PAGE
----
zation process. Yet they miss Thomas Paine’s point that
    “what we obtain too cheap we esteem too lightly.” In
    (40) order for the far-ranging benefits of individual ownership to
    be achieved by owners, companies, and countries,
    employees and other individuals must make their own
    decisions to buy, and they must commit some of their own
    resources to the choice.

    The quotation in lines 46-47 is most probaly used to
    (A) counter a position that the author of the passage believes is incorrect
    (B) state a solution to a problem described in the previous sentence
    (C) show how opponents of the viewpoint of the author of the passage have supported their arguments
    (D) point out a paradox contained in a controversial viewpoint
    (E) present a historical maxim to challenge the principle introduced in the third paragraph

    _________________
    Fiza Gupta

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    fiza gupta Master | Next Rank: 500 Posts
    Joined
    31 Jul 2016
    Posted:
    216 messages
    Followed by:
    6 members
    Thanked:
    31 times
    Target GMAT Score:
    750+
    Post Thu Oct 13, 2016 4:03 am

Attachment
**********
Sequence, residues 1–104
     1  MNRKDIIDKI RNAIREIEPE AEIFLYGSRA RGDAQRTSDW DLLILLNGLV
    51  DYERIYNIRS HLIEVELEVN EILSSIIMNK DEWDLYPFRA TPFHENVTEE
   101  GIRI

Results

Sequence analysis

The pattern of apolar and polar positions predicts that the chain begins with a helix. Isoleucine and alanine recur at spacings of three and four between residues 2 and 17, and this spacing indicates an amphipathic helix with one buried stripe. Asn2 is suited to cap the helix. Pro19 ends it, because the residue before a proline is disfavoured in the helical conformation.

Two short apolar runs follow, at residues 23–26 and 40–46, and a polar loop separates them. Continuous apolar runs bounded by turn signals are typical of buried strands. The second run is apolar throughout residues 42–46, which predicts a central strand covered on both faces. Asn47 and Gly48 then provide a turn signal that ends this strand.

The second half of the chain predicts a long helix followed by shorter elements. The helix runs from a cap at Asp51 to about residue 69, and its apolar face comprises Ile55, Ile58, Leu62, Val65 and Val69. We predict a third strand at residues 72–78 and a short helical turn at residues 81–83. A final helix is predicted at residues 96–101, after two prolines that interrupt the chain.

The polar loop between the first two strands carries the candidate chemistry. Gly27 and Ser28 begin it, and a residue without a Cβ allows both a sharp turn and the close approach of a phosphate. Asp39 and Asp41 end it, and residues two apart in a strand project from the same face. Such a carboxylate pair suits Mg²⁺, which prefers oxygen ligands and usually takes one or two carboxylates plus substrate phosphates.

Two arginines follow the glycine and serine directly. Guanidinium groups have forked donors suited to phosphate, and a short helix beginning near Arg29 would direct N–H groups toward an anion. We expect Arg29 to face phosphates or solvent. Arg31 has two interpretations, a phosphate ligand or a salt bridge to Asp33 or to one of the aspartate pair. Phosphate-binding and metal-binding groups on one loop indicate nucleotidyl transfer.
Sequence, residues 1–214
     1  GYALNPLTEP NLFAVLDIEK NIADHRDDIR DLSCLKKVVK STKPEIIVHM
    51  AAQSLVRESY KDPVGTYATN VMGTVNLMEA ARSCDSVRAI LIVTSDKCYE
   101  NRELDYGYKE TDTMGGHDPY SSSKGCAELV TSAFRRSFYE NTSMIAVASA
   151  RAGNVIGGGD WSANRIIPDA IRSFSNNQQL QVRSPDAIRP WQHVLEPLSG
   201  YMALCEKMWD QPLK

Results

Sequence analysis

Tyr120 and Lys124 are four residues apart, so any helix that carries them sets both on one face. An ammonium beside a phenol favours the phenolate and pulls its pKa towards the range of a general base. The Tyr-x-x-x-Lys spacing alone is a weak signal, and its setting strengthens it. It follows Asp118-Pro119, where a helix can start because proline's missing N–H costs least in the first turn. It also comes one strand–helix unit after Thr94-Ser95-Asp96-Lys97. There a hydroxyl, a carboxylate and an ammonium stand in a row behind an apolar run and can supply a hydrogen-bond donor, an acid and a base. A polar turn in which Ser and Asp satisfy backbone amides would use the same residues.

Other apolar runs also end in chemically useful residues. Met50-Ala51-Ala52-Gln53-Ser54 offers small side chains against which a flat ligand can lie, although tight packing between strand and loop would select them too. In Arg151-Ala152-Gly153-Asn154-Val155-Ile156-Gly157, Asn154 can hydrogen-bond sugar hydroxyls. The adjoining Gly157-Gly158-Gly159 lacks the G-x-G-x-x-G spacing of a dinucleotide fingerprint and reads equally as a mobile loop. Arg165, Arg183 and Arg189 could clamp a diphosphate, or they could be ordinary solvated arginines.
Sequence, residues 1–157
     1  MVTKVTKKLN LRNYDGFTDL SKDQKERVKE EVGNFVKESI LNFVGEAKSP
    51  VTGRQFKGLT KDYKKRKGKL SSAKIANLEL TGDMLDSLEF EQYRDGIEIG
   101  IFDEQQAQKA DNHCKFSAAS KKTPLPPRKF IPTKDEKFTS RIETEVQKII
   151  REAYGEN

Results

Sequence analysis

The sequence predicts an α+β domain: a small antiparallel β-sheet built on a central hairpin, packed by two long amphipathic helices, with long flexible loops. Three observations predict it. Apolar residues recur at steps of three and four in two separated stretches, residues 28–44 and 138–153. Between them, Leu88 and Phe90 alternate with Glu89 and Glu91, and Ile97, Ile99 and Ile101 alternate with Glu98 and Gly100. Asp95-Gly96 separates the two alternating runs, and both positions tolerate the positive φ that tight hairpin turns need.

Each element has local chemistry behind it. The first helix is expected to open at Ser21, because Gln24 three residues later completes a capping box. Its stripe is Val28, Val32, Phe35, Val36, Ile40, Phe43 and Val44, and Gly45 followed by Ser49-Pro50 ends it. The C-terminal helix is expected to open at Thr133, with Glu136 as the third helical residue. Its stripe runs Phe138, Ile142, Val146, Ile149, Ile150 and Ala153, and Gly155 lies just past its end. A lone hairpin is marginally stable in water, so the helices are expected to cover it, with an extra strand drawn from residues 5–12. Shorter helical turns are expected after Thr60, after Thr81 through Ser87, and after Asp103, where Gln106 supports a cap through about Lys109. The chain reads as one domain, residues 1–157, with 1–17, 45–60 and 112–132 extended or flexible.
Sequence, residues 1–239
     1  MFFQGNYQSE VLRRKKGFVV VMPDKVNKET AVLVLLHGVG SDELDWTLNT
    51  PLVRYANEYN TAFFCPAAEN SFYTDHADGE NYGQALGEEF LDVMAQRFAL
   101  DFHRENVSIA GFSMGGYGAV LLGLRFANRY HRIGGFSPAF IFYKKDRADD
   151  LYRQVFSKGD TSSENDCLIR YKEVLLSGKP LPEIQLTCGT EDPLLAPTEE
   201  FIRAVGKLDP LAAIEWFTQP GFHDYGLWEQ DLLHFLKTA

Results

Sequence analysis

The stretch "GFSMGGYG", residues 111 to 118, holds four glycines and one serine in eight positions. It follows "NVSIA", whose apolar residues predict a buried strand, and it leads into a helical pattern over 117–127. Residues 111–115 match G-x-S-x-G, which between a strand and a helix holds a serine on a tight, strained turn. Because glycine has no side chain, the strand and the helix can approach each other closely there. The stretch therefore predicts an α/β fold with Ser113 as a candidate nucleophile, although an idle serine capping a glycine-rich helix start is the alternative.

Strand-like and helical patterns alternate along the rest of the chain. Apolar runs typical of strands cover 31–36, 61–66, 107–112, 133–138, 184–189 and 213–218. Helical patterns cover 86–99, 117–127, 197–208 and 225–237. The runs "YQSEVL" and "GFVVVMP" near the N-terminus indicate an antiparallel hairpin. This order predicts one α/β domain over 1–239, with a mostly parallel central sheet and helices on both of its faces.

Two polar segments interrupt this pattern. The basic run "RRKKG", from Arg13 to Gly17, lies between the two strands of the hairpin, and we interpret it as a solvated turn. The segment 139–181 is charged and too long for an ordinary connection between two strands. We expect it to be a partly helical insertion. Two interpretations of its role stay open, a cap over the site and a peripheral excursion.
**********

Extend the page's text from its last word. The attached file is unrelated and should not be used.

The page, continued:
Quote:
    While there is no blueprint for transforming a largely
    government-controlled economy into a free one, the
    experience of the United Kingdom since 1979 clearly
    Line shows one approach that works: privatization, in which
    (5) state-owned industries are sold to private companies. By
    1979, the total borrowings and losses of state-owned
    industries were running at about £3 billion a year. By
    selling many of these industries, the government has
    decreased these borrowings and losses, gained over £34
    (10) billion from the sales, and now receives tax revenues from
    the newly privatized companies. Along with a dramatically
    improved overall economy, the government has been able
    to repay 12.5 percent of the net national debt over a
    two-year period.
    (15) In fact, privatization has not only rescued individual
    industries and a whole economy headed for disaster, but
    has also raised the level of performance in every area. At
    British Airways and British Gas, for example, productivity
    per employee has risen by 20 percent. At Associated
    (20) British Ports, labor disruptions common in the 1970’s and
    early 1980’s have now virtually disappeared. At British
    Telecom, there is no longer a waiting list -as there always
    was before privatization -to have a telephone installed.
    Part of this improved productivity has come about